Hamas, which has for years opposed the PLO, agreed to join the efforts to reform the PLO. Talks behind the scenes produced positive results. A new PLO will soon see the light, provided that reconciliation continues and that elections take place in Palestine.
If anything, recent months saw Hamas move much more to the political center, accepting de facto an Israel based on the 1967 borders and agreeing to reach that goal through "popular struggle" rather than "military means."
Israeli Prime Ministers have reiterated their acceptance of an independent Palestinian state alongside Israel, but their efforts to achieve a lasting peace with the Palestinians have largely been discounted.
Questioning the PLO's current configuration, many Palestinians are now talking publicly about the need to create new political parties different in structure, ideology and working procedures from the present set of nationalist or Islamic factions.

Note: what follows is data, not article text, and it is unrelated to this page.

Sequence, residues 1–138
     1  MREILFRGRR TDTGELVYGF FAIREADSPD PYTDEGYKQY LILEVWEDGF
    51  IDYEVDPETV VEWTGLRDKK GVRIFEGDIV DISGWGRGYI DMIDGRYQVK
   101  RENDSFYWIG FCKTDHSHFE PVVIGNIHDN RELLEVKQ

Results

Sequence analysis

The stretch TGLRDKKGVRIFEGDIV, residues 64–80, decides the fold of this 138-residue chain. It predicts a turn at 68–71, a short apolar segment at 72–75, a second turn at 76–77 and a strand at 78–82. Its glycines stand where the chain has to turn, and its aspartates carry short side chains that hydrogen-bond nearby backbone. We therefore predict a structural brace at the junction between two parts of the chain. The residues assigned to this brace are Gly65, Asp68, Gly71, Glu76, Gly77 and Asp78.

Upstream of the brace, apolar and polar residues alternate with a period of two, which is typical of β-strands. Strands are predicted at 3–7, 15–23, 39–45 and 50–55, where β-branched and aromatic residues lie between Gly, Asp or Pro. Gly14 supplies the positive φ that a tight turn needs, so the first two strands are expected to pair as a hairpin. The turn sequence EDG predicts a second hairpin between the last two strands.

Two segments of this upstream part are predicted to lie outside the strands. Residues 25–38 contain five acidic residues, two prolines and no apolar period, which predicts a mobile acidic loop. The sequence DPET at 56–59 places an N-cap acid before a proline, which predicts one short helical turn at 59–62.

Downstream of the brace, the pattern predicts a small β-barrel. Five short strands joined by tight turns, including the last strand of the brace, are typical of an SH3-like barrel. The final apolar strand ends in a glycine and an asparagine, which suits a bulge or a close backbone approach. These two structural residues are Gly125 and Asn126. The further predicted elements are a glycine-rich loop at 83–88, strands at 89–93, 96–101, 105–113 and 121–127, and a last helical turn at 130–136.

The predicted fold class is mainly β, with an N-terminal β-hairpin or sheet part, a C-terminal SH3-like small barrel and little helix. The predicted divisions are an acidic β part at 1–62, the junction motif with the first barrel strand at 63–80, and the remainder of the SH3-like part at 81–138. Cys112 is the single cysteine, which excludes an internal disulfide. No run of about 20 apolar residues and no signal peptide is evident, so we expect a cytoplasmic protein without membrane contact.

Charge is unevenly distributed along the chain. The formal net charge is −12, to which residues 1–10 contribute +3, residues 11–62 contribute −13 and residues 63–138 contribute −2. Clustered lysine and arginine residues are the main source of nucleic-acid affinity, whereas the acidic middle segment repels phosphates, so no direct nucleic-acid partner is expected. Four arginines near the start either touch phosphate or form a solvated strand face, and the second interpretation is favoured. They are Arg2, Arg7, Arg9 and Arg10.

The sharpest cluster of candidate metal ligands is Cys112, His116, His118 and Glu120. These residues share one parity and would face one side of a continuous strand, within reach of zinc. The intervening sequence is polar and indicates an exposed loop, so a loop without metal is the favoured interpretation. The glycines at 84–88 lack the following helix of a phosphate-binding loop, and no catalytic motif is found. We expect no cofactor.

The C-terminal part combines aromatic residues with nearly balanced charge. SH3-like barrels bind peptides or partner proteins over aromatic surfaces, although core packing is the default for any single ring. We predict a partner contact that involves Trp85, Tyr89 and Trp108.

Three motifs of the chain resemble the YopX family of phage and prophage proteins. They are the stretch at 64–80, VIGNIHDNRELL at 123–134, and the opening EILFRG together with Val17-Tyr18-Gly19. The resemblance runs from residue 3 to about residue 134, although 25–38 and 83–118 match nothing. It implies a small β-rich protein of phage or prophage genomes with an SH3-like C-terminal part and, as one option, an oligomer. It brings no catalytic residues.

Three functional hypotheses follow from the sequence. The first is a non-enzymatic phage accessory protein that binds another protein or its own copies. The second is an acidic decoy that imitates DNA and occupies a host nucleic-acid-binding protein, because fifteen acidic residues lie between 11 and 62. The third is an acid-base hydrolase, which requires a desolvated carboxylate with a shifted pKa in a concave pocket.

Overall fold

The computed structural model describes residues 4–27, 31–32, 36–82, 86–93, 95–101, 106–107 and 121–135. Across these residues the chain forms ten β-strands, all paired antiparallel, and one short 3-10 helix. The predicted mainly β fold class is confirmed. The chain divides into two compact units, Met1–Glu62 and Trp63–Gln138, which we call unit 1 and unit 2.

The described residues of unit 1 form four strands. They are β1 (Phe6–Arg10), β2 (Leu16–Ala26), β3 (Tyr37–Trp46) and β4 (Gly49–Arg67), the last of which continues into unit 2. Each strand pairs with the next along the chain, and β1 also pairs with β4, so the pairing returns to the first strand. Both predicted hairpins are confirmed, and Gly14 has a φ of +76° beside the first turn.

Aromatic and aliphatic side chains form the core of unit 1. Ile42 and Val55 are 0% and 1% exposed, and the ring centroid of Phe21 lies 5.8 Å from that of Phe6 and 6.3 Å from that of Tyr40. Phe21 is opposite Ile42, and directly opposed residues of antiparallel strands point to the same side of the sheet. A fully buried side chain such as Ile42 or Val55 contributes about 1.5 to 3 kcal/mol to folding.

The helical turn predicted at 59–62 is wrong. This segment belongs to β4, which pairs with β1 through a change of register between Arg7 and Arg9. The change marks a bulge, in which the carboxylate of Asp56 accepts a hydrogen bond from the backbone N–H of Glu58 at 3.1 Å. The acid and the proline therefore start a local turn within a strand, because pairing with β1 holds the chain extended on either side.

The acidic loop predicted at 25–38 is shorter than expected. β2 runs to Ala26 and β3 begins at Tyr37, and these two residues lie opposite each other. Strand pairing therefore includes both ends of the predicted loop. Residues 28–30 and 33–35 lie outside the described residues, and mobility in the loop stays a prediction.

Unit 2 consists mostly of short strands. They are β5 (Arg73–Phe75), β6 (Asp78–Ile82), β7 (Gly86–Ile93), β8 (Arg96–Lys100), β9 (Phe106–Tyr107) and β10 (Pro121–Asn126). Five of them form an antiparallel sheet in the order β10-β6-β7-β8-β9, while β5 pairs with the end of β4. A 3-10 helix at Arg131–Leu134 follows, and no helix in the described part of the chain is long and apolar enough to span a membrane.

How can so many reasonable minds welcome the reconciliation between Fatah and Hamas as good news, a good sign, like the far too long delayed reunion of a too long divided people, when it is, in reality, a catastrophe?
If the coming year will witness the birth of the state of Palestine, we need to see from now what kind of state it will be. Programs that can give concrete answers to this question will undoubtedly do better than generalities.
It's well worth our while as Americans to pay more attention to what the so-called Palestinian Liberation Organization (PLO) is doing. That's because we American taxpayers are footing the bill for much of it.
It is easy to be pessimistic, or even apathetic, about the latest round of Palestinian-Israeli peace talks. Nevertheless, a breakthrough is possible this time -- thanks to the unshakable Palestinian peace strategy.
It won't be all smooth sailing, but economic progress on the West Bank may undercut those who advocate violence and confrontation, as more and more Palestinians and Israelis see a sliver of hope for the future.